An Employee's Guide to Employment Rights

If you're an employee faced with problems in the workplace, it's wise to seek expert advice.

Whether dealing with breach of contract, unfair dismissal or sexual harassment, when pitted against the resources of your employer/former employer, having a skilled legal team in your corner is a necessity.

After all, considering your employment will make up a large portion of your life, any difficulties you face in the workplace can impinge on other, non-work-related, activities.

Irrespective of whether you're an office junior or a chief executive, if things do go awry, or if you're beginning a new role, it's imperative you have a broad understanding of what your rights are.

Read on for more information about some of your basic rights as an employee ...

Written Statement of Employment

When you begin a new role, you must receive a written statement from your employer, regardless of the number of hours you work every week.

This must be received within two months of starting your new role, with the main terms of the contract of employment described in detail, including:

  • Job title
  • Wages
  • Hours of work
  • Holiday entitlement
  • Sick pay
  • Pension schemes
  • Notice period
  • Grievance, dismissal and disciplinary procedure

Put simply, the written statement is an agreement between you and your employer, with the terms set out to ensure you both know what to expect of each other.


As an employee, you're entitled to be paid for any work you undertake.

You should also be paid if you can't work due to sickness, or if you're on maternity leave, paternity leave, adoption leave or parental leave. While situations may vary, you'll typically be entitled to your normal wage while off work (for some of the time).

However, the law – although entitling parents to a certain amount of paid leave – sets pay rates for maternity, paternity, adoption or parental leave, which is not as much as your usual wage.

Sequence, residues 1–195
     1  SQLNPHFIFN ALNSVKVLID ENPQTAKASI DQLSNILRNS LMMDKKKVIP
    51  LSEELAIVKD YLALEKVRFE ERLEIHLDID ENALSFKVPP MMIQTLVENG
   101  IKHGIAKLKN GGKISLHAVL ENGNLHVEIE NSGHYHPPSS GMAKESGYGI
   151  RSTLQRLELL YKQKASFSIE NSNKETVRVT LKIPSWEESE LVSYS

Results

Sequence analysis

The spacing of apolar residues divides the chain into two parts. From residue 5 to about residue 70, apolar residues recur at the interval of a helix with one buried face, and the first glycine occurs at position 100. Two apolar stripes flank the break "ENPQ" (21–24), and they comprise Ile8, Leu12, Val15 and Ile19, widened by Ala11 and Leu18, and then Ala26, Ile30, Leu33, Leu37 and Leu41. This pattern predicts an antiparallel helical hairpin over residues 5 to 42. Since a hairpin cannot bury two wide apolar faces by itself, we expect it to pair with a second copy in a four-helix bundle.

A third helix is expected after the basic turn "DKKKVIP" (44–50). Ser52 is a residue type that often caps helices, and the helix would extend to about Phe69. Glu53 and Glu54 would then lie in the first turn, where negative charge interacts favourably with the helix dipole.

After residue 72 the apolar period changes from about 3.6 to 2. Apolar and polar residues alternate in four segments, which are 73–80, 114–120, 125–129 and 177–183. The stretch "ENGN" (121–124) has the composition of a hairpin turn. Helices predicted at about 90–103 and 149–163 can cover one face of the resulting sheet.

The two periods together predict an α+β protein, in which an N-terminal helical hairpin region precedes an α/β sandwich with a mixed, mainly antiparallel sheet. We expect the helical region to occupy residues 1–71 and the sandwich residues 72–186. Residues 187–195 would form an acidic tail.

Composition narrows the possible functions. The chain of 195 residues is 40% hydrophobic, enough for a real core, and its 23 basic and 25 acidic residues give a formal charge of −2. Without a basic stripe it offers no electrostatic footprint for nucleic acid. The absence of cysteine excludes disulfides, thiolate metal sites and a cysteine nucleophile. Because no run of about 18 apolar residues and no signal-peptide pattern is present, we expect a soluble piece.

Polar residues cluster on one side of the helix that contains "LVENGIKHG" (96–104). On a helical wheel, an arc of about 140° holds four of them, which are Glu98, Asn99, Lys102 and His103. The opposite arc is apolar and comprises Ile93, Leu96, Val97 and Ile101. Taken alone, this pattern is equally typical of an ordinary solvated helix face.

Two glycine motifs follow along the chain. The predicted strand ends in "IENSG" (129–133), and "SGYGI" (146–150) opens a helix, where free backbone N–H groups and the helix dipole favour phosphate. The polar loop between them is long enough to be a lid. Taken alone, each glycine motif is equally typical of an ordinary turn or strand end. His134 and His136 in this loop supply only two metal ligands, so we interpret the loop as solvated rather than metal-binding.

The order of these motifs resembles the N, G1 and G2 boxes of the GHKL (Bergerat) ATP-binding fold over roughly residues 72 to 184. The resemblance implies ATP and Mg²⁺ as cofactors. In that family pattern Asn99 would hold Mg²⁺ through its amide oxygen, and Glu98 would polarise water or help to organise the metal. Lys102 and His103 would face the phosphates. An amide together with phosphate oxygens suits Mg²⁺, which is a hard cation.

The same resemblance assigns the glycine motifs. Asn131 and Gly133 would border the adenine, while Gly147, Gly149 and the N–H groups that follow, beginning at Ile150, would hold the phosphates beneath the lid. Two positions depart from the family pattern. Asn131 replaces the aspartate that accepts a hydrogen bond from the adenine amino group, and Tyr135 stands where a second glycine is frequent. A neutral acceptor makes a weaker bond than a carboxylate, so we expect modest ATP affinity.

Additionally, you are entitled to a certain number of paid holiday days every year.


As a full-time employee, and in line with the Working Time Regulations, you're entitled by law to a minimum of 28 days leave per annum, which can include public and bank holidays.

If you're a part-time employee, you're entitled to a pro rata amount.

Importantly, your holiday entitlement MUST be laid out in your employment contract, and if you leave your role, any days you haven't used should be added to your final pay.


Sickness is often unavoidable.

If you're unfortunate enough to suffer from an episode of ill health, your employer should facilitate your return to work to allow you to come back safely and avoid further sickness absence.

This can be done by the lines of communication between yourself and your employer being opened up, allowing them to identify areas where they can meet your needs in the workplace.

Admittedly, your employer is not legally bound to offer a return to work policy, but it is in everyone's best interests if procedures are in place to manage expectations.

Although you have no statutory right to your usual pay during sick leave, most employers will agree to pay you for a certain amount of time during your absence.

Whatever the circumstances, Statutory Sick Pay (SSP) is typically paid if you're off sick for four or more days consecutively, and payable at a flat weekly rate for a maximum of 28 weeks.

Flexible Working

It may be inevitable that your employment impinges on other obligations in your life – which is where the requirement for flexible working can come in.

If you decide to make such a request to your employer, they have a legal duty to give it serious consideration and only deny the request if a valid business reason for doing so is provided.  

If you want to make a statutory request for flexible working, you must be an employee, as workers employed through an agency don't qualify.

Additionally, you must have been employed for at least 26 weeks as of the date you make the request and must not have made any other statutory requests during the past year.

Health and Safety

We should all feel safe at work.

Consequently, your employer has a statutory duty to take care of your health and safety, providing first aid equipment, suitable fire escape, protective clothing and safe machinery, where appropriate.

There are also rules, among many others, surrounding:

  • Noise
  • Toilets
  • Drinking water
  • Temperature
  • Use of computers

If you feel your employer is not acting in accordance with health and safety regulations, you can raise a grievance or, in some extreme cases, you may even wish to resign from your position.

Whatever aspect of employment law you need help with, we can help.

With over 60 years of combined experience dealing with employment problems, it's safe to say we've learned a thing or two about the laws governing the workplace.

Feel free to take a look at the broad range of topics we can help you with, or get in touch with a member of the Ashby Cohen team today.